14. 14. Wf&%TTOSAYWHEN YOU TALK10YOUR SELF dream again, as I kt#i as aayoungboy years before. What if we could? I wondered. What if we could find what's stoppingus and turn it around? What if there is an answer and no one else has looked in the tight place? What if any of us, at any time, could reach up and touch the stars? I began the fitst part of my search by studying something called "human behavior." That's some- thing you can get a degree in without ever really figwing it out. It is also something that older people seem to know more about than younger people. No matter how many educational degrees my professors could profess, I suspected that someofthe grayedand silver-haired older people I knew had figured out what human behavior was all about long before we were taught coursesin the subject. I next studied something called motivational mar- keting. That teaches us what makes people do what they do even when they don't want to do it. When I compIeted my course work, it was my final opinion that you can never really get anyone to do anything they don't want to do unless you use force. I decided that in most of the free world, "force" iscalled adver- tising. in time I found myself walking the hallways of academicpsychology. It is agoodfield and it deserves our attention and respect. A lot of people have lived richer lives because someonewho caredtookthe time tolisten. Eventually I embarked upon a journey of my own. Nowhere in my studies of mathematics, business, religion, or psychology, had I found a concrete solu- tion to the question of how the average individual could twch all the stars in his or her heaven and still keep both feet on solidground. I knew there had to be-P-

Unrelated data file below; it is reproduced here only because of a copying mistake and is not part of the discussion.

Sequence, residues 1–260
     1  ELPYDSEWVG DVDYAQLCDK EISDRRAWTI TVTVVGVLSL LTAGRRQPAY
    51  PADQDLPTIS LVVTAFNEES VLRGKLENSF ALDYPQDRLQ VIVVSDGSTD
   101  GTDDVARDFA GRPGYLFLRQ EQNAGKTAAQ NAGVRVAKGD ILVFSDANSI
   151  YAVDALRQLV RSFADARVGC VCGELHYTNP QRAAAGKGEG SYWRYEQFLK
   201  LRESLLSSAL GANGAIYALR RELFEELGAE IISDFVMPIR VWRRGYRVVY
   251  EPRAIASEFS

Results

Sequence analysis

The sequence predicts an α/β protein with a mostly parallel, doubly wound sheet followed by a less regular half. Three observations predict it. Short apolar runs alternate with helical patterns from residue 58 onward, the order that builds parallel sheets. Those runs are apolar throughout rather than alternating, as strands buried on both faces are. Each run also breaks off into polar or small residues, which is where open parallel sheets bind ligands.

15. 15. WHATTO SAYWHEN YOU TALKTO YOUR SELF a better way, something that was obvious perhaps, somethingthat might have been overlooked. Ibelieved that mastering one's future must surely start with managing one's "self." And if we could accomplish that, we could manage and master at least a part of what we call "life." As I continued to study the inner workings of the human mind, I began to look for the answers--the "solutions" which others most certainly must already have found. I found dozens of answers. But I discov- ered only one solution.
  16. 16. THEREts ALWAYS an answer, af coutse.There ace cwzrttless self- "11l1swers," whica m y of us caa ina any^. Ifwearetobetieveukwe read on the thiddjadLeaS of self-help best-sellers, all anyofushastodoisreadtkerightbodratd, ~ ~ l w e w i l l b e wewwldliketschtsRge,We%Ser,aadfindtfre ~~eachofus is see4&g. HaviPgspe~tmore thantwe- yeaaistudyingmest o P t 8 e ~ ~ a f ' ' s u c c e s s , "Itravektunda&- tent, u-- promiseof our succ;ess, waitirlgjustaromrdthc~r. I h a v e ~ t B a t I c a n b e t r ~ , ~ orreborn(aed-notjwtinttletdigbssense). 1- t b t - L can attea4 semi- whieh will give me the "tmmer." I caa becum a gmkcttm and a acitiever." I can learn to oqtardze my day, set cry ~ , a n d ~ i s h ~ t # w e ~ f m possi'Me. 1 a u r ~ t o"thiakgmsi&dy," bemaw creative, relate to otkers ad b e c c l r e e ~ " ~ _ " - E have learned that mcces is dae far the t d c i ~ ~